Just came across this interesting blog post on what appears to be a paradigm shift happening (or about to happen) in the radio industry.
... big used to matter. Big companies used to defeat small companies, big armies used to defeat small armies. The whole idea of being successful was to go to a big college, get a big job, run a big organization and do big things.
... what happened just in the last five or ten years is that big stopped mattering as much. Suddenly, you didn't need a big ad budget, you didn't benefit by being the biggest newspaper in a three- newspaper town, you didn't have economies of scale; in fact, the economies of tiny ... suddenly helped little guys succeed. ...
If you're in radio today, you have a spectacular asset: The ability to communicate to people directly who want to hear from you. But it's a wasting asset. And big media companies [are] trying very hard to ... ignore that.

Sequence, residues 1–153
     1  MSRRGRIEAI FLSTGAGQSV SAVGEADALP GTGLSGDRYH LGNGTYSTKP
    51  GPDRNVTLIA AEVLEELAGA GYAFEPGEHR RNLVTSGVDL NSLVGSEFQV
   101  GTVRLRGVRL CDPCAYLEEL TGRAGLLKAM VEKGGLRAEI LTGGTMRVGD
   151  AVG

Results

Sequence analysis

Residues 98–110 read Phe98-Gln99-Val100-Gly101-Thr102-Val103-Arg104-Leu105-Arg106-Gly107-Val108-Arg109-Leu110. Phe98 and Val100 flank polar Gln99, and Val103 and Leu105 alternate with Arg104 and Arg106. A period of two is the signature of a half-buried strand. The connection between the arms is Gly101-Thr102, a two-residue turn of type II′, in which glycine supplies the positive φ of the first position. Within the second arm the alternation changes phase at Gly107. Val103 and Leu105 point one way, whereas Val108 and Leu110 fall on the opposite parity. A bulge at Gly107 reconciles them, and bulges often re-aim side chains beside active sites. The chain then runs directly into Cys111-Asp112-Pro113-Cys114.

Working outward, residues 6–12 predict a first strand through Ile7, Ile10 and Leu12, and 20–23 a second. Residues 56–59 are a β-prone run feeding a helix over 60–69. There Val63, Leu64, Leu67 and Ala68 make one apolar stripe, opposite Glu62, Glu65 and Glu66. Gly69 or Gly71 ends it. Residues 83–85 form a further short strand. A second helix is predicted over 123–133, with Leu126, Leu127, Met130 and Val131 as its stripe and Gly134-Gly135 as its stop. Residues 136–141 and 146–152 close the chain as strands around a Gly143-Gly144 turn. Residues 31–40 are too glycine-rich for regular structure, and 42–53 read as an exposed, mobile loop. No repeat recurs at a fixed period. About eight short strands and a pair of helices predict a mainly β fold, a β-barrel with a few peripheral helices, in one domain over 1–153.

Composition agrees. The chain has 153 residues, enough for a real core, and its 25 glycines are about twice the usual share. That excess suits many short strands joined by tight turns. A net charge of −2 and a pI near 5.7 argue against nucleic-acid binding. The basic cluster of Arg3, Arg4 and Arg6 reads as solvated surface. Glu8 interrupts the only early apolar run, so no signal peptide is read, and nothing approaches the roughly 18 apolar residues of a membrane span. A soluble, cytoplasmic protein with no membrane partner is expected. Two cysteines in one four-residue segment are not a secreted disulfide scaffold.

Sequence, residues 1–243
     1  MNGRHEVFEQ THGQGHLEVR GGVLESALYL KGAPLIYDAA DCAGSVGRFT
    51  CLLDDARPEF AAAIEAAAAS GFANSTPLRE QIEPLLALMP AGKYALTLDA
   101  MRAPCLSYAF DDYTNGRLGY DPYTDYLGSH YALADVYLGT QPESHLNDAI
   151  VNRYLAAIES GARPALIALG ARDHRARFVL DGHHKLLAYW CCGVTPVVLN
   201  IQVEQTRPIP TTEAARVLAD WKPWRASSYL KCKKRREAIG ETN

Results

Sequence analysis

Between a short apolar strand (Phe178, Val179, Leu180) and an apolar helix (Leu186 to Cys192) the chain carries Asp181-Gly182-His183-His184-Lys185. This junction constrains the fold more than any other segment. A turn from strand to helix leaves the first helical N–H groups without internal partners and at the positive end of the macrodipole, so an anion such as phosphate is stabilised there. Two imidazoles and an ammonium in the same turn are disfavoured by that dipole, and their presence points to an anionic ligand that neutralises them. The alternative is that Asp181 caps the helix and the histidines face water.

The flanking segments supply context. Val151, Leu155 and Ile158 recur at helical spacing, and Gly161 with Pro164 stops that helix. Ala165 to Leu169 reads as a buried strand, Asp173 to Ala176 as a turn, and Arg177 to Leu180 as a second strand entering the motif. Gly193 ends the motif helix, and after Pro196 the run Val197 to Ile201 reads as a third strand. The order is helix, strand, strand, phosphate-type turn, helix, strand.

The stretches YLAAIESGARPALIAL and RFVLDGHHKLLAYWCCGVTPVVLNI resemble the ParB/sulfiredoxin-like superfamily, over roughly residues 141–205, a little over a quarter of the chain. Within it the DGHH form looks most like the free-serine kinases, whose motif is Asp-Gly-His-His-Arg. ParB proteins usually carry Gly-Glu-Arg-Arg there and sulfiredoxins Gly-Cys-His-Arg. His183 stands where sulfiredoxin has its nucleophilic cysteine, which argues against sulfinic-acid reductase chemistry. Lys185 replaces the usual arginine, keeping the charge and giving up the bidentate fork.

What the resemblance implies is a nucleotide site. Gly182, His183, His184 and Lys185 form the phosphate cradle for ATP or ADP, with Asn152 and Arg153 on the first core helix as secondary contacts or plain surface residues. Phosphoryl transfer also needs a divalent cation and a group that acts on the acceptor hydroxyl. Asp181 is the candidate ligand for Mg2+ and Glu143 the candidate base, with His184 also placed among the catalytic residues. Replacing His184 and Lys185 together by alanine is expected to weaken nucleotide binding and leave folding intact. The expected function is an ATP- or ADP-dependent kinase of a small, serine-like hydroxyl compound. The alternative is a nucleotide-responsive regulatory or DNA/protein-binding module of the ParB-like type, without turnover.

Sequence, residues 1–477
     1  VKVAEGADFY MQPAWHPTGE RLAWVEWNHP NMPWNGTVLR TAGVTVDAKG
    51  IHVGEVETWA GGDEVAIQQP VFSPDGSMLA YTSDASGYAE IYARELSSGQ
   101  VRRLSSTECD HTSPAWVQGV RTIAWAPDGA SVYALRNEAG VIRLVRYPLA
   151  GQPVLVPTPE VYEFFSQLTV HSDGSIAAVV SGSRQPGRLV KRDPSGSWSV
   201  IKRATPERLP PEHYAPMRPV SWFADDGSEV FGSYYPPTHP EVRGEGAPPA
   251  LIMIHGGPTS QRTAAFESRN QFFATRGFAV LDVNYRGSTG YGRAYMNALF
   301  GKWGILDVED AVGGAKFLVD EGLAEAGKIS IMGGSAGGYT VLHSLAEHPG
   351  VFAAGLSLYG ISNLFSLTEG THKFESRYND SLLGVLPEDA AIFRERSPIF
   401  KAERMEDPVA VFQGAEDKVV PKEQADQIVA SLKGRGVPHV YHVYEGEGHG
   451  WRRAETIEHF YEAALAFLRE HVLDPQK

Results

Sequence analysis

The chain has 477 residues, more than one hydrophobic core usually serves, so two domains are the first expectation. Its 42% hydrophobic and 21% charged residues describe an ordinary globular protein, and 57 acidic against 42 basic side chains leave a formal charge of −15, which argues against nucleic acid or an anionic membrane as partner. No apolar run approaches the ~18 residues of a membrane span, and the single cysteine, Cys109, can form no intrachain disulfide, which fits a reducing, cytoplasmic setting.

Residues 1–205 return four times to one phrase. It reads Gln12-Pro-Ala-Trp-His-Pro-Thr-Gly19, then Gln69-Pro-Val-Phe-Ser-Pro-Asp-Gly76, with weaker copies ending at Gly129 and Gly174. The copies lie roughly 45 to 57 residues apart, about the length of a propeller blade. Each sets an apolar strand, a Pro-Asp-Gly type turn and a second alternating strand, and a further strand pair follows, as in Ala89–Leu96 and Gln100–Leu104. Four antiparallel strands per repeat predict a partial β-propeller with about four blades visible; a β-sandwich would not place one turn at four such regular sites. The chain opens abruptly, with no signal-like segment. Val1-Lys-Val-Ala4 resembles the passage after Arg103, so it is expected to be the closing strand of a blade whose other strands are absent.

The smart media companies, the ones who are thinking small, say “we have this really powerful asset, we need to use it to migrate the attention to smaller and smaller buckets of identifiable people who want to hear from us.” ... the mistake that media companies make is they listen to the advertisers. The advertisers didn't ask for Google. You build it first, and the advertisers show up second.
Sounds like good news for niche market broadcasters. There's an mp3 of an interview, about 16 minutes long, with a marketing guru at the site here.